One of the eternal questions that it seems everyone asks when they want to break into cybersecurity is this: how do I develop the skills that will make me a great security analyst when I can't get a job without experience? Add to that a pretty common request or requirement on job requisitions is experience with various security tools. Some of those tools have free or community editions but a lot will require that you work for a company that can afford said tools. The need to develop marketable skills, coupled with the oftentimes expensive cost of the tools that get you noticed, creates a perfect storm of job seekers with great knowledge and "weak" skills, as well as a job market where hiring managers struggle to find good, qualified workers. So what are we supposed to do to create balance in this situation?
What I am about to relay through this article won't necessarily help unlock the doors to your first Security Operations Center (SOC) gig. What it will do is provide a blueprint that, if you follow it, will help you develop critical skills that are in demand and might even get you noticed. If you build those skills you may impress someone enough to give you the chance you want and probably deserve. By combining two different training opportunities into one, we can develop the knowledge and skills that will show we are hungry and as prepared as we can possibly be, given the lack of professional experience. So let's go!
Step one: we need a starting point for us to develop our SOC skills from. If you are fresh off of training/certification for the CompTIA Security+ exam, then you have a great baseline of knowledge. If you don't have that training or knowledge, then I think you should consider getting it before diving into this adventure. Back to the starting point...I think that one of the most attainable SOC analyst training and certifications is CompTIA's Cyber Security Analyst Plus or CySA+. There are certainly others out there, such as the Cisco Certified CyberOps Associate (formerly the Cisco Certified Network Associate: Cyber Ops), and you may choose to pursue that certification instead. For name recognition, I have had hiring managers comment positively on the CySA+ and ignore the CCNA: Cyber Ops certification (which had two exams and cost approximately $600 for the two exams, combined). Since it has the best name recognition (out of my rather small sample size), we will focus on this certification, and more specifically, the training needed to become certified.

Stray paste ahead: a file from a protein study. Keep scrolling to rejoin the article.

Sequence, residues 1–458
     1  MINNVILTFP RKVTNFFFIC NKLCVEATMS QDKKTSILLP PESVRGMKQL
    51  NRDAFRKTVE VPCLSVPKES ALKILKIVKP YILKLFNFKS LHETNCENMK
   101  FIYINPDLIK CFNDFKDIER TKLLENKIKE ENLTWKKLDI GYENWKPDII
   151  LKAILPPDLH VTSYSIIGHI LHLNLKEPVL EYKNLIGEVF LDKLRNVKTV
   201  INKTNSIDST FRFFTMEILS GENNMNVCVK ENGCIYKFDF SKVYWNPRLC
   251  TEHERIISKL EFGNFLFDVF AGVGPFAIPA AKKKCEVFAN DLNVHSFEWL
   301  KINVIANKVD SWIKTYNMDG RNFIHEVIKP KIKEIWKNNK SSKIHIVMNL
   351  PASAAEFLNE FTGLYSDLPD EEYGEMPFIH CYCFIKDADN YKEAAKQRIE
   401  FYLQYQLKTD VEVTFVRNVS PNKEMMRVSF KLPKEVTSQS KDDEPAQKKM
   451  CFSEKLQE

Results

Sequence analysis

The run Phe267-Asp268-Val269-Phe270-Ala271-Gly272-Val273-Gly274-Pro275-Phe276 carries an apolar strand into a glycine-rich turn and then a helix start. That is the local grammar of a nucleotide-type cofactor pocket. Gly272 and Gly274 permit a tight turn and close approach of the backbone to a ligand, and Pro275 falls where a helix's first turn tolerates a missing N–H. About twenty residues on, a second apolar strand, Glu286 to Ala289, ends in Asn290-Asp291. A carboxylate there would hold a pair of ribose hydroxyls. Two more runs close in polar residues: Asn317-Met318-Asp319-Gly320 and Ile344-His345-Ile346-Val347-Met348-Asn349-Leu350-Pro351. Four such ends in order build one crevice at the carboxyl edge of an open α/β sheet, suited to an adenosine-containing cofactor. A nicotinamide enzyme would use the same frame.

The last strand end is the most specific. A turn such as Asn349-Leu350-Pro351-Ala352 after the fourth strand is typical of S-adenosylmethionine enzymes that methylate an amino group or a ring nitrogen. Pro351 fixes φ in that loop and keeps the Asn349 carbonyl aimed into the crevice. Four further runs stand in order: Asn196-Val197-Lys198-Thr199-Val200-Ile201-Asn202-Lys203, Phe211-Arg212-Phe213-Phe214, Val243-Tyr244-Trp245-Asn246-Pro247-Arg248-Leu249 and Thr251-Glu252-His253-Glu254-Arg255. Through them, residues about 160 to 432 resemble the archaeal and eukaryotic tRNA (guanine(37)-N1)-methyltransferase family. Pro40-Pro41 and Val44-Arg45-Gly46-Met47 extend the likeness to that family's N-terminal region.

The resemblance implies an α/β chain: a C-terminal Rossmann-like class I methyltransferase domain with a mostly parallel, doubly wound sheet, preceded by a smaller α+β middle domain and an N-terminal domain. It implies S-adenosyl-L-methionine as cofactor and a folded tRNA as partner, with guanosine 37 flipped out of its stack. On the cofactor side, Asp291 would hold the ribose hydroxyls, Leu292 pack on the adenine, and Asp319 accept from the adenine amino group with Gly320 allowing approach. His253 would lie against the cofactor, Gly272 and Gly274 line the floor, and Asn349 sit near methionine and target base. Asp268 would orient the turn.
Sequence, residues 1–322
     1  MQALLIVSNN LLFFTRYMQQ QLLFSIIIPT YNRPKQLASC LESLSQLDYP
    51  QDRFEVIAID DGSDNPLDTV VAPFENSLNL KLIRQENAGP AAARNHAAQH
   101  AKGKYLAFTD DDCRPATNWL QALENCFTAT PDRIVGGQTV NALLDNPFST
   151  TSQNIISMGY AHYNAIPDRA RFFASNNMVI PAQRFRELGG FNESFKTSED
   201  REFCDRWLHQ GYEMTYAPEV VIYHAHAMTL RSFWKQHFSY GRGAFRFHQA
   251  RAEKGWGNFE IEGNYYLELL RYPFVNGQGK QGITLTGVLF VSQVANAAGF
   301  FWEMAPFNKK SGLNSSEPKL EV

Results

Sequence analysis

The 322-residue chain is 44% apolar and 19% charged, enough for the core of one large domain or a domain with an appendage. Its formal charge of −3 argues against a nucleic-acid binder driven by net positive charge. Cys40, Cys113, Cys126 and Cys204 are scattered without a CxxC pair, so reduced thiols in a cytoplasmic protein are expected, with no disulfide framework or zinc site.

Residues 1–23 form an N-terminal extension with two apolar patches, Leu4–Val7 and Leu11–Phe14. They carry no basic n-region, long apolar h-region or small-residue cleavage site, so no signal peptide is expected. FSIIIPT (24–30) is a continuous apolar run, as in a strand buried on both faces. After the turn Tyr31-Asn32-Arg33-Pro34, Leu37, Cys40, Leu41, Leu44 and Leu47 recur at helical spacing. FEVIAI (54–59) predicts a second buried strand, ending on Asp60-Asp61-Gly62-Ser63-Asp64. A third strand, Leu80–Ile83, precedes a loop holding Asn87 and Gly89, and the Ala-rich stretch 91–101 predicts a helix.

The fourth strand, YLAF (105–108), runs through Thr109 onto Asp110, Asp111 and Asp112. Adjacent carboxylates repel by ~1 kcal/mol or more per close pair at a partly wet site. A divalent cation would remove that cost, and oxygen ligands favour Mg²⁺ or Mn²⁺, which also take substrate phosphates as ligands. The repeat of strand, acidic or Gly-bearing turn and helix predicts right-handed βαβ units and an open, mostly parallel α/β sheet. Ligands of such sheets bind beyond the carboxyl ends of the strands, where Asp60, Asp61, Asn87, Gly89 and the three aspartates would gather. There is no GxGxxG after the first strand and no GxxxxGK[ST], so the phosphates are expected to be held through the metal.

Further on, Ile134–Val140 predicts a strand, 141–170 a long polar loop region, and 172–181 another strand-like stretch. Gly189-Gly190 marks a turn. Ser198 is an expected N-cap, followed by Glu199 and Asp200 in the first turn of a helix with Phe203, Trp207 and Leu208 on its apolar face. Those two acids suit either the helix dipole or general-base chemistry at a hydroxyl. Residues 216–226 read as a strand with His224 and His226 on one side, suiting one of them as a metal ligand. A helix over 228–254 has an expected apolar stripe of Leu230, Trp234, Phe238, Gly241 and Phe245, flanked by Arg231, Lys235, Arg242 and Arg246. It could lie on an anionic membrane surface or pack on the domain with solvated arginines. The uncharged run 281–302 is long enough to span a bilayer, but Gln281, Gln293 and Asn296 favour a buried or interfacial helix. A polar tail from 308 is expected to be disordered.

Full disclosure: I took the CySA+ CS0-001 beta exam and passed it, thus becoming certified before the exam was publicly available. The exam was $50, whereas the full, non-beta exam costs $359 retail. Additionally, I teach CompTIA courses, which means I am biased toward CompTIA certifications. Besides teaching the courses, which helps pay the bills, I have also seen how life-changing the CompTIA certifications can be to those trying to break into IT.
Step two: training materials. I purchased the 30Bird Media book for the CySA+ exam (found here). One of the main reasons why I chose the book, besides the experience I've had using their materials for other CompTIA certifications, is that in the book they have virtual labs. You can go to their site (see link above) and download the virtual machines (VMs) in order to follow their labs. You will need a virtualization hypervisor, such as VirtualBox. as well as enough RAM, hard drive space, and CPU virtualization extensions. Choosing the best hardware platform is beyond the scope of this article but there are plenty of great tutorials on YouTube: check out the video from Black Hills Information Security for an example video.
The benefits of the labs include:
- Access never expires since they are on your computer.
- Beside the cost of the book, the labs won't add to the cost of the training (which is a frequent occurrence that can make affordable training anything but).
- They allow you to reinforce the knowledge learned in the lessons.
- When you are done with the book and get certified, you can continue to sharpen your skills by going back through the labs, again and again.
- You can also add new VMs to the mix, allowing you to use the labs for other certifications and training that you may get access to in the future.
- The VMs are demonstration versions of the software that requires a license. This means that you will get warnings and possibly have some or all of the functionality disabled over time.
- The labs will, over time, become outdated. That means that their value will diminish over time. Not a huge deal, but something to consider.
- The VMs may become incompatible with more up-to-date versions of your hypervisor. While unlikely in the near term, it is something that I try to pay attention to, just in case.
In my next post, I will write about how I have merged the material in Steps 2 and 3, thus giving me practical knowledge, training, and experience.
Until then, cheers!